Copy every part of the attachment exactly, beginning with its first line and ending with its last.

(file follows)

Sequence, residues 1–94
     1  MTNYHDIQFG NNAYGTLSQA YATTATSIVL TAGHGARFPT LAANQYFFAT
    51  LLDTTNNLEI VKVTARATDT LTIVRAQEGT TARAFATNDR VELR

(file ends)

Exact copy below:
Sequence, residues 1–94
     1  MTNYHDIQFG NNAYGTLSQA YATTATSIVL TAGHGARFPT LAANQYFFAT
    51  LLDTTNNLEI VKVTARATDT LTIVRAQEGT TARAFATNDR VELR